Obama is saying: Here's a chance to erase that "X." Cleaning up after the baby boomers still leaves us obsessing about them. But it's such a mess that somebody better do it.

Danny Westneat's column appears Wednesday and Sunday.

Reach him at 206-464-2086 or
Copyright © 2008 The Seattle Times Company
Link To Article


Candace said...

Thanks for posting this, Lizzy.

I remember my "Obama moment" - it was the convention speech. This movement is like nothing ever seen before. He doesn't take PAC money, yet raised enough dough to run a national campaign from people sending in $5, $10, and $20 at a time! Extraordinary.

1138 said...

I really like Senator Obama and if he can get the nomination I'll give him serious consideration.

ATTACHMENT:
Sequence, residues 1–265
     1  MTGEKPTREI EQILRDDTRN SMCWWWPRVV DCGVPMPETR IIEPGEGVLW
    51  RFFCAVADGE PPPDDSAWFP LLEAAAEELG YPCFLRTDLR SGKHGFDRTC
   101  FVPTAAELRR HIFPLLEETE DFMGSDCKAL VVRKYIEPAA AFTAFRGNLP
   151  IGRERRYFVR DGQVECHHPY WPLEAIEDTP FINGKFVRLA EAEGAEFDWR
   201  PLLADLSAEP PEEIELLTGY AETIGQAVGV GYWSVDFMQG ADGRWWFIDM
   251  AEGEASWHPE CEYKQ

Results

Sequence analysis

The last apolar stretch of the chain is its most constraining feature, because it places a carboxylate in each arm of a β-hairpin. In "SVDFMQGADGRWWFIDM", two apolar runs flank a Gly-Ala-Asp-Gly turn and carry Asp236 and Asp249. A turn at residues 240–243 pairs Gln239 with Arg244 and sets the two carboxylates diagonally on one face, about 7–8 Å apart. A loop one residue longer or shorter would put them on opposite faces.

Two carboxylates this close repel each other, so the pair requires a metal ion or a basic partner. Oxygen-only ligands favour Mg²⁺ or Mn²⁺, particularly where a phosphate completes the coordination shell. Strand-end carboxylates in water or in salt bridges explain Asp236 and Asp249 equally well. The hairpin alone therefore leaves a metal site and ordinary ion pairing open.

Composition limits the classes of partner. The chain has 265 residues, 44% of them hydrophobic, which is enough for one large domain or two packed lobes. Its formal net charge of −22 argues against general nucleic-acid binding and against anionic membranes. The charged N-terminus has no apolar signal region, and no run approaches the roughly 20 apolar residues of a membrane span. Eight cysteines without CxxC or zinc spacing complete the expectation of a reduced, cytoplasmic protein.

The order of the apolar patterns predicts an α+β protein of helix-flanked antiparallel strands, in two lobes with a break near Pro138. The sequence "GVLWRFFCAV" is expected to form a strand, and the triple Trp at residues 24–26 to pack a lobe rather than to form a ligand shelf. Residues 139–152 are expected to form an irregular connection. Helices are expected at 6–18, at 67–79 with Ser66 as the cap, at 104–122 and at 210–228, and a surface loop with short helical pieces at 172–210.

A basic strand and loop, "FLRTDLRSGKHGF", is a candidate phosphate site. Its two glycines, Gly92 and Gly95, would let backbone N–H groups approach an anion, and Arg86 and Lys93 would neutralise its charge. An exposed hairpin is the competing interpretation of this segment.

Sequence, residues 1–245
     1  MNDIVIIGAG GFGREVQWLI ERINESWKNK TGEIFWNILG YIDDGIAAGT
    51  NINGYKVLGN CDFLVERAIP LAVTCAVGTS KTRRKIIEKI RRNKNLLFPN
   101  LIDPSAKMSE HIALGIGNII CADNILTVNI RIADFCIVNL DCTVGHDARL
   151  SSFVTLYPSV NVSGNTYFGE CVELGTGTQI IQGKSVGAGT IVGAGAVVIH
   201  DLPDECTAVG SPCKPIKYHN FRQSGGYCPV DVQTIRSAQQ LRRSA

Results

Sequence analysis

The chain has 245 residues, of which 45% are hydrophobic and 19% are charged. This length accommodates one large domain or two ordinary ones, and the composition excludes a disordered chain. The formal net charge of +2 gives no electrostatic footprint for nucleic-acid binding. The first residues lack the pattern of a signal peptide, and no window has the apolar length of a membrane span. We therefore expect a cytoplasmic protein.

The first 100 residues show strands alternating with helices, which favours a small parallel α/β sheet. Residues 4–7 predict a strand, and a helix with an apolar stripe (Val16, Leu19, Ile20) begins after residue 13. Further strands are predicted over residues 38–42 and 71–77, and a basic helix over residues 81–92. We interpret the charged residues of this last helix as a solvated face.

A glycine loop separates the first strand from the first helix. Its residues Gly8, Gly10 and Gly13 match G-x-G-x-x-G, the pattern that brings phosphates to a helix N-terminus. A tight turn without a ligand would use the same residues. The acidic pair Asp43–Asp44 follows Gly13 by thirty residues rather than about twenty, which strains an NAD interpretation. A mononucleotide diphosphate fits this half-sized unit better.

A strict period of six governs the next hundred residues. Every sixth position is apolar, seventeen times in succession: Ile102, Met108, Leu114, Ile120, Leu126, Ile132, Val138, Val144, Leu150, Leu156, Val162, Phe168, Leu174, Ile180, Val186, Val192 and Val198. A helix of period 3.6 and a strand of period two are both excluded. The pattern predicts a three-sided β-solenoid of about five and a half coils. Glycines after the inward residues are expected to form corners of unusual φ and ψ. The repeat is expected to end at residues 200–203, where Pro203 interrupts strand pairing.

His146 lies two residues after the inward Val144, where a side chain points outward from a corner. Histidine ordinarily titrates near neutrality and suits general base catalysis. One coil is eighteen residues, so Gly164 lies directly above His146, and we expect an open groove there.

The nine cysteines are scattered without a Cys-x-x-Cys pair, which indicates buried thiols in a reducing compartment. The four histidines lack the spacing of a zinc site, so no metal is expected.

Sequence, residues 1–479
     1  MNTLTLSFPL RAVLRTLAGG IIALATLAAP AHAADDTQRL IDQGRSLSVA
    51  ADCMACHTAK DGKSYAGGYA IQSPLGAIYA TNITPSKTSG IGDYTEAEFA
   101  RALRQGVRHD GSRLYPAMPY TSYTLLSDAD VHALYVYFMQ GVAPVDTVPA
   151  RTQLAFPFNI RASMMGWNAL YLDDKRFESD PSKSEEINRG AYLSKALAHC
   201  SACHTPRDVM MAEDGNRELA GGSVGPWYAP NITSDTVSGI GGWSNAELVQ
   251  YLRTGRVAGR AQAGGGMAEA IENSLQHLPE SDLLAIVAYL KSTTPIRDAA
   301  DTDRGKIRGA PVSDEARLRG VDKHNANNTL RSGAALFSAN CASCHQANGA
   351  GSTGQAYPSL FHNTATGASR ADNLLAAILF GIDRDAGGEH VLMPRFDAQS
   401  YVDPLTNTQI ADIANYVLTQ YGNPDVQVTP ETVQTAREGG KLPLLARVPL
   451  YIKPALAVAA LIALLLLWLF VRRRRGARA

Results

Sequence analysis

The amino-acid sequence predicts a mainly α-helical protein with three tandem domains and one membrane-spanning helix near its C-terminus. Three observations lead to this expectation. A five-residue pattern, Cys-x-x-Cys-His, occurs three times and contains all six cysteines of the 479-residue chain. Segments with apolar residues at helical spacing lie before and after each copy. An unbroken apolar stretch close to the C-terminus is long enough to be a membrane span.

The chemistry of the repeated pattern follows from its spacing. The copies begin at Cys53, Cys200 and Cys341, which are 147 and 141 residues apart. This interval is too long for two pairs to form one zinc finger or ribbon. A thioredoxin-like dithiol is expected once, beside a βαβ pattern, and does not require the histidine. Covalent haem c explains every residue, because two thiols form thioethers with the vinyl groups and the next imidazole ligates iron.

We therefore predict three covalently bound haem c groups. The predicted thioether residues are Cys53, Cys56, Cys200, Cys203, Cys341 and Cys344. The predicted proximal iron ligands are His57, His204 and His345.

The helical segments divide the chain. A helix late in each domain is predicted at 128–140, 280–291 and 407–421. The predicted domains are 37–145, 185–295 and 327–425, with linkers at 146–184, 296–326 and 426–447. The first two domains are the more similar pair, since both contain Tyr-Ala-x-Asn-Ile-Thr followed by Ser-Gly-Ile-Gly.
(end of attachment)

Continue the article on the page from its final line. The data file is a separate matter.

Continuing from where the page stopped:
But he will have to get that nomination without me for reasons I've stated before.
He certainly could get my vote for not being a liar but that's not a reason for getting my vote, liars lose my vote but honest people don't automatically get it for being lied about.
John can't engage, Hillary can't tell the truth, Barack is the only hope left for the Democratic party - by default.
I don't vote by default.

Snave said...

Obama seems to me like the Democratic candidate who generates the most excitement and the most hope for the possibility of positive things to happen. I see him as a candidate who will get young people involved in our political process. I honestly believe Edwards is getting the shaft from the media... but if he can't be the nominee, I sure hope it is Obama.

Anonymous said...

This comment isn't in response to your blog/post, but your entire blog really. I'm particularly fascinated by the comment under the "About Me" section where you state: "Politically, I consider myself a far/hard left liberal who will fight against the right wing to my dying day."